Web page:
[BREAKING] CJEU issues decision in Louboutin's online marketplace trade mark battle

The IPKat would love red, if he could see it
For those who are doing last minute holiday shopping for loved ones, may Merpel suggest some deliciously crafted shoes?   Possibly ones with a red sole?   That red sole has been famous on film, red carpets and in IP circles for many years. It has become even more famous in IP circles thanks to today's Court of Justice of the European Union's decision (currently available in French only) in the joined Louboutin/Amazon cases (C-148/21 and C-184-21) following referrals from the Luxembourg District Court and Brussels Companies Court.  The press release is here (French only).

The referring courts asked the CJEU to consider whether, and under what conditions, the operator of an online marketplace may be found directly liable under Article 9(2) of the EU Trade Mark Regulation 2017/1001 for the display of advertisements and the delivery of infringing goods that are offered for sale and placed on the market upon the initiative and under the control of third party sellers that avail themselves of that operator’s services  (see Eleonora's previous Kat post here summarizing the referrals).  As a reminder for those who do not live and breathe trade mark law, Article 9(2) is the suite of provisions which entitles EU trade mark owners the right to stop third parties from using any sign which is identical or similar to their trade mark in relation to goods or services that are identical, similar or not similar (with some extra requirements) to those for which the EU trade mark is registered.  

The answer?  Yes - and here goes a summary of some rough French translation (with apologies):  An operator can be found liable under Article 9(2) when the normally (reasonably) informed and reasonably observant user of an online marketplace has the impression that the operator of online marketplace is the one who sells, in its own name and on its own behalf, the goods in question.  In particular, this may be the case where an online marketplace displays its own logo on the advertisements of third-party sellers and it carries out the storage and shipping of the third party goods in question.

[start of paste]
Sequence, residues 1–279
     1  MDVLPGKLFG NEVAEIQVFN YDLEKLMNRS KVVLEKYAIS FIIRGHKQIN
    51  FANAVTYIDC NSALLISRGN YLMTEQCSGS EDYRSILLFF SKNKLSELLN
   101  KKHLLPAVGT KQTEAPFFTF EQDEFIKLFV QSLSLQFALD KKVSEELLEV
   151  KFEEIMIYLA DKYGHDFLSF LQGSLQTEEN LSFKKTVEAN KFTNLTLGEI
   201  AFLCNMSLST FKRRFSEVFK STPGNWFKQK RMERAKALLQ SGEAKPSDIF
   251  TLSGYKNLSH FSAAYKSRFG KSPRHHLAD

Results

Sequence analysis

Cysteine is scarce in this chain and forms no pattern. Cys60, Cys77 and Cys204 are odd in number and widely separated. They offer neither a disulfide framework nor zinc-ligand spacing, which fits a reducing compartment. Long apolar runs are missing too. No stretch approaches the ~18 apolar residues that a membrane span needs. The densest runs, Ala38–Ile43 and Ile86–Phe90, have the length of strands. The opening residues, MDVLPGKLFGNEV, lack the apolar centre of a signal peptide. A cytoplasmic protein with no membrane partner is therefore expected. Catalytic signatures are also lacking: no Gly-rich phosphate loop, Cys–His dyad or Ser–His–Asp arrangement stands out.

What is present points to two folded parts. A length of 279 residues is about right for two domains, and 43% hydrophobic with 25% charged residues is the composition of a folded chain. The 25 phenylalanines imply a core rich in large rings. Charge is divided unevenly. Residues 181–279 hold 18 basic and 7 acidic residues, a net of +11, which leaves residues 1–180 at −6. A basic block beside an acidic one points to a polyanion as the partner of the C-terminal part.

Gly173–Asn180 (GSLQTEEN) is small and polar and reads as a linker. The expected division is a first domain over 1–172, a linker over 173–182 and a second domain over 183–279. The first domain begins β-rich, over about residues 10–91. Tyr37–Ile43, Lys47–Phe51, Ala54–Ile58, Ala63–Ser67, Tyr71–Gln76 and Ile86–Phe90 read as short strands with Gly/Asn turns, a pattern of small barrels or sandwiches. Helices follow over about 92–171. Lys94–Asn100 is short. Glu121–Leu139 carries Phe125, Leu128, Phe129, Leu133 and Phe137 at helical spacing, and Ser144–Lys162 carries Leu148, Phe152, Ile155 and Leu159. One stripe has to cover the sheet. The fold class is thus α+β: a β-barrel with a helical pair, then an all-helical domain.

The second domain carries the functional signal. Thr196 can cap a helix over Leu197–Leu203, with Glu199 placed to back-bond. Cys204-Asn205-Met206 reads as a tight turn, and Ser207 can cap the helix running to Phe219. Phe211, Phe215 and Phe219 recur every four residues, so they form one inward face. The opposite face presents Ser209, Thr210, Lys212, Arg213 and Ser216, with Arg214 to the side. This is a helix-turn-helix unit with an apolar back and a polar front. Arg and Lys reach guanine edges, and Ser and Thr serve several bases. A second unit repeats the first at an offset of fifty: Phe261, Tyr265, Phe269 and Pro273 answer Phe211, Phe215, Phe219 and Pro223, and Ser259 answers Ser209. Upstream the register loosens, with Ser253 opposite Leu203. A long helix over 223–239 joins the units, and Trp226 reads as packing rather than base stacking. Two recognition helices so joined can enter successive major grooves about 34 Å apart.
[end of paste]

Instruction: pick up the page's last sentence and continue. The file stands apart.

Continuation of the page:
The touchstone therefore is, again, whether an operator of an online marketplace is using the sign in its own commercial communication which, of course, turns on the facts.  For example, how is the operator displaying its advertisements (e.g., is it displaying its own advertisements at the same time as those of the third party sellers)?  Is the operator offering additional services to the third party sellers as part of the marketing of their products (e.g., storing and shipping their products)?

This decision is of course opposite to that of the Advocate General's opinion, which was in agreement with Eleonora's opinion that the CJEU should answer the referring questions in the negative.  So, the IPKat eagerly awaits her analysis of this decision, the nuances and, indeed as the Press Release noted, the difficulty in making clear distinctions in these cases as to what constitutes trade mark "use" under the Regulation.  

A press release from Maison Louboutin stated that the "decision will better protect manufactures and consumers against the scourge of counterfeiting.  Christian Louboutin remains committed to protecting its creativity and know-how, as well as those of all brands in the fight against counterfeiting".  Group General Counsel, Xavier Ragot, stated that this was "another victory in the fight against the scourge of counterfeiting, which will benefit all companies that strive for excellence and all consumers looking for authentic, and quality products."  

This is not the end of the story.  It is the referring national court to whom is next in line in this case to decide whether the user has the necessary impression, on the facts, for there to be a finding of infringement.  But in the meantime, this decision will be hotly debated as to whether it has gone too far, not enough or provides clear enough boundaries for national courts in assessing whether there is trade mark use.  

[BREAKING] CJEU issues decision in Louboutin's online marketplace trade mark battle [BREAKING]  CJEU issues decision in Louboutin's online marketplace trade mark battle Reviewed by Annsley Merelle Ward on Thursday, December 22, 2022 Rating: 5

1 comment:

  1. The court's conclusion seems to be in line with art. 6.3 in the Digital Services Act.


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